NCSL Cloud Based Services Principles


Adopted by Executive Committee Task Force on State and Local Taxation on August 6, 2012


Cloud Based Services is the general term given to a variety of services that are accessed via the Internet or a proprietary network.   Broadly divided into three categories: Infrastructure-as-a-Service (IaaS), Platform-as-a-Service (PaaS) and Software-as-a-Service (SaaS), Cloud Based Services allow users to store data, access software and access services and platforms from almost any device that can access the cloud via a broadband connection. The use of cloud services has greatly increased over the past decade.  As a result, states have taken a wide range of positions regarding the way they characterize Cloud Based Services for purposes of applying sales and use tax, some of which are difficult for businesses to understand and comply with. In addition, the inconsistency between the states creates further complexity and confusion.
 

The National Conference of State Legislatures’ Executive Committee Task Force on State and Local Taxation has undertaken a process to study and better understand Cloud Based Services.  Based on this effort, the Task Force recommends the following principles for states to consider if developing legislation governing the taxation of Cloud Based Services:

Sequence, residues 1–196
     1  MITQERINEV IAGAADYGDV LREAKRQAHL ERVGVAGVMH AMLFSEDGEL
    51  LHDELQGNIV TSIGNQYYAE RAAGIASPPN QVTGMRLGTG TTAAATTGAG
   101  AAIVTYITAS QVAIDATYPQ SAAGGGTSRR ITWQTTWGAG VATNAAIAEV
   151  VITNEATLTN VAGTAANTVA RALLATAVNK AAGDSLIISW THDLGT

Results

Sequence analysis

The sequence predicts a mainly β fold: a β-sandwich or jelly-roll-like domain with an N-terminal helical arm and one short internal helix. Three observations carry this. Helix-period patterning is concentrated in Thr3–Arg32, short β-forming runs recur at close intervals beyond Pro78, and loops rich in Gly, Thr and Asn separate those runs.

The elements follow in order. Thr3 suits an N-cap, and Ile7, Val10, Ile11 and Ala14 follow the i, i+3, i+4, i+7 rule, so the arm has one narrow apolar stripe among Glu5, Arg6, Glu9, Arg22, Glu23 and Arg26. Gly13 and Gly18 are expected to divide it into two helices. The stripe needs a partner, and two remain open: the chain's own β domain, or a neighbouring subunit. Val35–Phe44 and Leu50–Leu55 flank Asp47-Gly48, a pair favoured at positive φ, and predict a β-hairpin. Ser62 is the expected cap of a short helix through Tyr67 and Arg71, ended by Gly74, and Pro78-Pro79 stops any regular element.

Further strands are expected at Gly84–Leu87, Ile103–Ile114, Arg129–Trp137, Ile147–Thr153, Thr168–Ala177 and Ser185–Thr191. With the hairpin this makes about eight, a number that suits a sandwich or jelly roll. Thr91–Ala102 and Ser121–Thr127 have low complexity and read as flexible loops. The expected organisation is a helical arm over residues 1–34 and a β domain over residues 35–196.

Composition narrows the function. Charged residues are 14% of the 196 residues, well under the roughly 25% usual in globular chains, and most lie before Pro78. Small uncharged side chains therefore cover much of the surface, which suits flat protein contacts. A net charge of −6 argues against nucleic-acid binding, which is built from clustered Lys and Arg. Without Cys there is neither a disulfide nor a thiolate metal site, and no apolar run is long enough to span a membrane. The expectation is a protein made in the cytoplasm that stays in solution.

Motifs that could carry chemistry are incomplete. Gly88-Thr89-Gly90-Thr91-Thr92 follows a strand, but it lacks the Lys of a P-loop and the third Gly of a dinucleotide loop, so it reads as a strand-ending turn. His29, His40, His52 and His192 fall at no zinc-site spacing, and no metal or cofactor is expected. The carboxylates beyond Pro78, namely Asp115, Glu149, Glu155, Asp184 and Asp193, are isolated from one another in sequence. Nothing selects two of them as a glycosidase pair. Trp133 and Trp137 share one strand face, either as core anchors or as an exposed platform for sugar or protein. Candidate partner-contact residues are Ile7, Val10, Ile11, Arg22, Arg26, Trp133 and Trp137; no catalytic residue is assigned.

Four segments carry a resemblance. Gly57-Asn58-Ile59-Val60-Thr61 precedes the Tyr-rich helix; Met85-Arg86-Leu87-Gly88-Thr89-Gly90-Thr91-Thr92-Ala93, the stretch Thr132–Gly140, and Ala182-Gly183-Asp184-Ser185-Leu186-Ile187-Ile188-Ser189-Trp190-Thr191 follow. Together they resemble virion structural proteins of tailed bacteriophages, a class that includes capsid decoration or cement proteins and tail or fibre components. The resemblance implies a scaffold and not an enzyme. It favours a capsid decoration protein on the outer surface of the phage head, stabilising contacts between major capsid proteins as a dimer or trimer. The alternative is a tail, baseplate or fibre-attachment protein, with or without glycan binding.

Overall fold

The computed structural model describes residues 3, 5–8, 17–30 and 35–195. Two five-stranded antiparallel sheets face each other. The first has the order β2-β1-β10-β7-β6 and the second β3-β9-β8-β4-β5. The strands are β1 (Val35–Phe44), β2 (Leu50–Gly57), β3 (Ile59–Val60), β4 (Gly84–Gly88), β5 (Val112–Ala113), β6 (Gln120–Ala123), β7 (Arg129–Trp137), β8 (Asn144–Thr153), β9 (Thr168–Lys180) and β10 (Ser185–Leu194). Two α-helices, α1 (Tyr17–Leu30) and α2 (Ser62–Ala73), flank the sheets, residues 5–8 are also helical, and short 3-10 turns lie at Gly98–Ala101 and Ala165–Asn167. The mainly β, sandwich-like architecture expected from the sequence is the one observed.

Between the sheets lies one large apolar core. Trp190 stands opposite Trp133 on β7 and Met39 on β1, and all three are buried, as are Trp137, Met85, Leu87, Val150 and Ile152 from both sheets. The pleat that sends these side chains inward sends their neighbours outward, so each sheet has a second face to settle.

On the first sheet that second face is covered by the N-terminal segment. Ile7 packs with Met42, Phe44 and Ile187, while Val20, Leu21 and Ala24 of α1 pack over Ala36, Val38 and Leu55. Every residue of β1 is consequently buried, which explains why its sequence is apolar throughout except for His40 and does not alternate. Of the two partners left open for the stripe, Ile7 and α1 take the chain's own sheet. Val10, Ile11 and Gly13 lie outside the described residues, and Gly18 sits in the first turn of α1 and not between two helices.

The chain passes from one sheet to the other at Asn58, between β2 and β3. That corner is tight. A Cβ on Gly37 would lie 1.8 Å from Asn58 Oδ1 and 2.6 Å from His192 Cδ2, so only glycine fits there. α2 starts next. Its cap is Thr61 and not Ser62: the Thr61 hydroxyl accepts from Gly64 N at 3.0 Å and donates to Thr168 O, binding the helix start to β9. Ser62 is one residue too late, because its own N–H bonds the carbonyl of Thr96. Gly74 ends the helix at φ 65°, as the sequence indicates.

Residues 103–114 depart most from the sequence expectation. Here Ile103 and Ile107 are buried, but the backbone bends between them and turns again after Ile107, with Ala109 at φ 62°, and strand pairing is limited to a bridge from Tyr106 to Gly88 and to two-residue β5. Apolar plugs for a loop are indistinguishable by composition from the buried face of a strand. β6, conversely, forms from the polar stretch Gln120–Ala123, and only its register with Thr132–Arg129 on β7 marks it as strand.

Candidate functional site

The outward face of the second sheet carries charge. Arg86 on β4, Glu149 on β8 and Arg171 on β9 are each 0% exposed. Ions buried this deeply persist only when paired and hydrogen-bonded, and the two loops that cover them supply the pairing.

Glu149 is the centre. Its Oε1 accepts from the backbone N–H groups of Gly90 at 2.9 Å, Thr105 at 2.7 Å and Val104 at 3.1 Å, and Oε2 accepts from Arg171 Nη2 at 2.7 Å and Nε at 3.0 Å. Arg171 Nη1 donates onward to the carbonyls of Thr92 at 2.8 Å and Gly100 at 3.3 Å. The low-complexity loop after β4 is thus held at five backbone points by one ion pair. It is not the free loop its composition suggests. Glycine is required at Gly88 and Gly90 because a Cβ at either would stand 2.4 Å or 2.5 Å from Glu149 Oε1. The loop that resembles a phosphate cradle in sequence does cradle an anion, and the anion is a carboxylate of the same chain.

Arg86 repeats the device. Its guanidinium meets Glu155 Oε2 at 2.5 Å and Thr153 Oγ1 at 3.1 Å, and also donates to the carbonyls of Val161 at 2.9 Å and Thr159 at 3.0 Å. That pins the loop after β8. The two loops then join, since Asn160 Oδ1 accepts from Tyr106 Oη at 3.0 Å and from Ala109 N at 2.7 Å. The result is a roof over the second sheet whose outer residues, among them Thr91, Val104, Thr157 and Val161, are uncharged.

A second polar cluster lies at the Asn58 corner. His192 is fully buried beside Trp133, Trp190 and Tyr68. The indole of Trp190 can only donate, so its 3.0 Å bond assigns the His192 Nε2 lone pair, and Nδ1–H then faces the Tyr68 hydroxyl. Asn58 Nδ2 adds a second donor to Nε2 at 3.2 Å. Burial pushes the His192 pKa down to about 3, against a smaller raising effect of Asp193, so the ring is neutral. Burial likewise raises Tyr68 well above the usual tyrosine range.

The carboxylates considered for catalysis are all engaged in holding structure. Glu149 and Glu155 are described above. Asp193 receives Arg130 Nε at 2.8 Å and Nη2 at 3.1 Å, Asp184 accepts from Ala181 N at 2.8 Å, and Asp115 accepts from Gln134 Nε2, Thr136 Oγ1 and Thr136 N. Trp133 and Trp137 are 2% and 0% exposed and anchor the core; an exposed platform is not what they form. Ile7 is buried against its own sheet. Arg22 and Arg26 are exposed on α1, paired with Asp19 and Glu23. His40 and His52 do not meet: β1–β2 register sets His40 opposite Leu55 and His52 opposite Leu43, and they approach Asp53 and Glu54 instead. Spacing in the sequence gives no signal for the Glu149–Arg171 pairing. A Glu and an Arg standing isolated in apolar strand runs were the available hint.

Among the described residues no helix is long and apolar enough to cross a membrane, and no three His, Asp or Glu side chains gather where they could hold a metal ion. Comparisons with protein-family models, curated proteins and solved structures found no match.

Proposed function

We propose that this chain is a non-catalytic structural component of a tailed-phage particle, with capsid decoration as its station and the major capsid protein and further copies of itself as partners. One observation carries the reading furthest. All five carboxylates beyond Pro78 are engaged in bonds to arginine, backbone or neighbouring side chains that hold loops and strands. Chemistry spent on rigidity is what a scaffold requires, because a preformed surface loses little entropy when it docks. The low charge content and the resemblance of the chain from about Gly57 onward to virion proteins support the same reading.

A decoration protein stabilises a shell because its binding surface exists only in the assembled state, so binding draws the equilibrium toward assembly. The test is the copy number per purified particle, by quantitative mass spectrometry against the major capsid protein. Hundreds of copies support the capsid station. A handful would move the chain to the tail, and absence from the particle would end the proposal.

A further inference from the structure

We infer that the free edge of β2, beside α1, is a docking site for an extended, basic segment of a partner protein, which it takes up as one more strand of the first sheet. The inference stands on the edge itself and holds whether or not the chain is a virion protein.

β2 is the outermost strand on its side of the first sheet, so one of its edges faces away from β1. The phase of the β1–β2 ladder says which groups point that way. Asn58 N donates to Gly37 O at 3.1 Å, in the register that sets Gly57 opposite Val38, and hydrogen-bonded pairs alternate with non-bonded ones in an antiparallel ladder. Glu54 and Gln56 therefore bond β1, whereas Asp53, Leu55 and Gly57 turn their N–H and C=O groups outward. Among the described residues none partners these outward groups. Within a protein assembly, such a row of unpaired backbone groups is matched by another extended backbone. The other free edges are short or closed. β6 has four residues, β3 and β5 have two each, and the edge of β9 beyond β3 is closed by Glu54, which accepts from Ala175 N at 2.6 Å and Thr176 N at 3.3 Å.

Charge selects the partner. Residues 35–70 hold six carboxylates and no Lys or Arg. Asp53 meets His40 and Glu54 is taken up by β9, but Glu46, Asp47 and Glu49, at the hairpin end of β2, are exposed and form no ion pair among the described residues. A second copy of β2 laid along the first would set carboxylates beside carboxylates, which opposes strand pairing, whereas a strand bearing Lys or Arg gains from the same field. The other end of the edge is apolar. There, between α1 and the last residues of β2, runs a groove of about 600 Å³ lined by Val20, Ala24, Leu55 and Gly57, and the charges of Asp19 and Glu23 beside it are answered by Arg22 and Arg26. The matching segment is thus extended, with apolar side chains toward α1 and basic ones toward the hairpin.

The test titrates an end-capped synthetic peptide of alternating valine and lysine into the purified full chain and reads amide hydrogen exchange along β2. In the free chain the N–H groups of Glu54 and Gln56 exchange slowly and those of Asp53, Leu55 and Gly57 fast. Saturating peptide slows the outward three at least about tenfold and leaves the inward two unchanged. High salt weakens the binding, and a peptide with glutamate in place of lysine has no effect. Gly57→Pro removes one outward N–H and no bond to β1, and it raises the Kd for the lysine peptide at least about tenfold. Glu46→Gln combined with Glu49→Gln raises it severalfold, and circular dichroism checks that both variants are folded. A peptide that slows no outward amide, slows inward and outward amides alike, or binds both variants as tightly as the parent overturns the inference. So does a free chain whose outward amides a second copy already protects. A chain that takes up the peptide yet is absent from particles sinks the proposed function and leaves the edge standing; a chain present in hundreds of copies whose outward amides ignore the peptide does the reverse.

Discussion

1. To ensure that taxation is equitable, states contemplating taxes on Cloud Based Services should:
  • Establish consistent sourcing regimes that recognize the special challenges that cloud computing presents so as to avoid the multiple taxation of individuals or businesses in multiple states; and
  • not impose discriminatory taxes on Cloud Based Services.
2. States considering taxes on Cloud Based Services should base their decisions on the nature of the service and not on the nature or type of provider.
 
3. To ensure that taxation is clear, efficient, and fair, states choosing to impose a tax on Cloud Based Services should:      
  • Avoid imposing any tax on Cloud Based Services through administrative action and only consider imposing the tax through statutory imposition;
  • Carefully draft definitions to provide clarity to buyers and sellers of Cloud Based Services;
  • Recognize the broad range of services included in Cloud Based Services and address those differences within the statutory scheme;
  • Design any tax impositions only on specific and clearly delineated services or  where state statutes provide for broad taxation of services, exclusions or exemptions, if any, for certain Cloud Based Services should be clearly delineated.
  • Encourage the involvement of providers of Cloud Based Services in any drafting efforts involving the taxation or sourcing of those services; and
  • Provide clear and consistent rules to govern bundled transactions involving Cloud Based Services.
PDF Version